2. Maryann, I've done that too, re: midnight on a country road. I'm thinking who's going to turn me in, the corn?

    Break your rules well,

  3. Enger sounds like a fantastic writer!

  4. "Peace Like A River" is also one of my favorites. There are lots of wonderful moments in the book - one I can recall is when Reuben and Swede (his little sister) are supposed to be going to sleep in the back of a vehicle as the family drives through North Dakota in below zero weather. They are having trouble falling asleep because they are so cold, when suddenly they get the giggles. After a few minutes of hysterical laughter, Reuben realizes that they have laughed themselves warm!

    I had the opportunity to meet Mr Enger at Beagle Books in Park Rapids, MN, at a book signing event a coule of years ago. A very nice man and a gifted writer.

  5. Lauren, thanks for stopping by!

    And thyrkas, how lucky you were to meet him! That is a great scene.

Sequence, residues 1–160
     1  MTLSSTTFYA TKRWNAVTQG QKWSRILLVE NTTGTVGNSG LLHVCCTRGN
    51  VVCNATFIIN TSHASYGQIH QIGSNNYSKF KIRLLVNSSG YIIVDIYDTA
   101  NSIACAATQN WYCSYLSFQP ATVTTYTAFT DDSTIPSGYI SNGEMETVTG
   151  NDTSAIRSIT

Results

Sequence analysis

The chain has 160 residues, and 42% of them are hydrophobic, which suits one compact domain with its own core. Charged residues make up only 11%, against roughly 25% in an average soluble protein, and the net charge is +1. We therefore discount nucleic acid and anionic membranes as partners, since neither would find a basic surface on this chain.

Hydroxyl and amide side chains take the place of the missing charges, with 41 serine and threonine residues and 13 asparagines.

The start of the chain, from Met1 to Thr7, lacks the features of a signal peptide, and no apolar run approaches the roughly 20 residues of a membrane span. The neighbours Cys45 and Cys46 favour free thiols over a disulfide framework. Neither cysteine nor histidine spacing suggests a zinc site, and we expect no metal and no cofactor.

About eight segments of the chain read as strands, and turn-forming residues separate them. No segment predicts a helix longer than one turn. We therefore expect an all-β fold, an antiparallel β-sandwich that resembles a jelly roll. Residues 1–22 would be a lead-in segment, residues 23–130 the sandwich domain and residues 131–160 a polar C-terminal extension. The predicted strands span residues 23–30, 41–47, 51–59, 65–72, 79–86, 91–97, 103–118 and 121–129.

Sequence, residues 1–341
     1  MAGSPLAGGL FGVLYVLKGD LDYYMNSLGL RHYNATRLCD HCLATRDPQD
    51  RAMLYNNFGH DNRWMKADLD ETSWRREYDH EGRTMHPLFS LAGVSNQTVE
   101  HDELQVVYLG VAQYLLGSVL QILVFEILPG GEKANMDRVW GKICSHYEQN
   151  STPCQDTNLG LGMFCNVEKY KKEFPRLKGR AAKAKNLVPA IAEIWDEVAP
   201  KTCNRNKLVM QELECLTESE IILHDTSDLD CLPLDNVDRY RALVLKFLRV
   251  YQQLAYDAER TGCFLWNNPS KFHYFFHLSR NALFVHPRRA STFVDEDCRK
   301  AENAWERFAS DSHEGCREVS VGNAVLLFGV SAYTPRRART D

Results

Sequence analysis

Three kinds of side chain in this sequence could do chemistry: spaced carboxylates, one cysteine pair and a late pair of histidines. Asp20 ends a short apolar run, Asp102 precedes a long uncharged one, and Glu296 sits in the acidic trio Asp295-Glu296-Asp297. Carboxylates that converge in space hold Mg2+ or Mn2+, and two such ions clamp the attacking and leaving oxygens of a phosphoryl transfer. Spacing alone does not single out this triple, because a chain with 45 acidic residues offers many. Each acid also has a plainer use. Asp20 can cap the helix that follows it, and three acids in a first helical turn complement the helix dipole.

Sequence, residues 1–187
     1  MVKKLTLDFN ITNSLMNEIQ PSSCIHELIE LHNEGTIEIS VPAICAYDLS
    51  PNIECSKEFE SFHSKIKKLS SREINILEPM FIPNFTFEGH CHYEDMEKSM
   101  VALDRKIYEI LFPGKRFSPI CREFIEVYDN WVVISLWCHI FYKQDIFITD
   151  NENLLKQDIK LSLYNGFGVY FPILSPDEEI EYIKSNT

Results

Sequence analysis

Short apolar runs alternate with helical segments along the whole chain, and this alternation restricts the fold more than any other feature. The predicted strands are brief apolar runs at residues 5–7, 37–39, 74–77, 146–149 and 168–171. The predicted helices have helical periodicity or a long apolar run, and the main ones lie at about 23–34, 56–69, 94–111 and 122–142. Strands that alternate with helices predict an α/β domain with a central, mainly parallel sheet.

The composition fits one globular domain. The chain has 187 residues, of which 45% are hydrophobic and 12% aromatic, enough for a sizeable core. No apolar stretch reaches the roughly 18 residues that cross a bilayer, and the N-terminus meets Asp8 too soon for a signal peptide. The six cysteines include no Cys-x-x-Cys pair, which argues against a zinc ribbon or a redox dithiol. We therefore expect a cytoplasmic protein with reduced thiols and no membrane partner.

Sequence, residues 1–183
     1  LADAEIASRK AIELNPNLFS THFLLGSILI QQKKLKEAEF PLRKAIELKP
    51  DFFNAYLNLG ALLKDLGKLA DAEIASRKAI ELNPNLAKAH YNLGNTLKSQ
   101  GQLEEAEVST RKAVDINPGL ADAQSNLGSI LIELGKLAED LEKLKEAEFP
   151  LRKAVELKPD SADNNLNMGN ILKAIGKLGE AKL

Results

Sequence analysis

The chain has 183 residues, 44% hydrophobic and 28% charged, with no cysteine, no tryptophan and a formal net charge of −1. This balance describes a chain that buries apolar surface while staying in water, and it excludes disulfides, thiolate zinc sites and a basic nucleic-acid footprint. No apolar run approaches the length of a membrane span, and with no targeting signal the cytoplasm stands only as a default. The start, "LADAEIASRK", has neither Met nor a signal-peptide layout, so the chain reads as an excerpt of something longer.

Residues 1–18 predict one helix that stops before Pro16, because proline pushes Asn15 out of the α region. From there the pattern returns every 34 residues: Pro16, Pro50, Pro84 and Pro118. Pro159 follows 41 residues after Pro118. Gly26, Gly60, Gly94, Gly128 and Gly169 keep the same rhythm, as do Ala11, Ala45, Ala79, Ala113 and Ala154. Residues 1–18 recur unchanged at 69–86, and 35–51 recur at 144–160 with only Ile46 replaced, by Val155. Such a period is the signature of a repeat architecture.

6. I am still trying to learn about POV and this post helped me understand how, with concentration, a writer can be flexible. Thank you!

  7. This was a great post. I also love the book "Peace Like a River" I like the way you showed the problems with the POV and how the author handled them. I am learning more everyday, that is helping me with my own writing.

    Thank you,

    Pamela Jo

  8. Peace Like a River is one of my all time favourite books. Thanks for the POV advice.

  9. Thanks for sharing this. It's good to know that, when done properly and appropriately, it's okay to break the rules sometimes.

  10. Liza, There's Just Life, Simon Hay Soul Healer, and girlseeksplace: I have another great example of a POV conundrum I'll put up next month--solved brazenly by a great literary writer in a bestseller that went on to be a popular movie!

  11. What a revoltin' development! I get cited in a post and I'm out of town to provide a timely comment ... story of my life, which began when I was very little ...

  12. Haha--thanks Chris, glad you saw it. And thanks for commenting at the BRP!

  13. Interesting twists the author took.
    And now Chris is famous, even if he missed the post by a couple days...


The Blood-Red Pencil is a blog focusing on editing and writing advice. Some of our contributors are editors, some are authors, and some are writing sheep. Yes, sheep.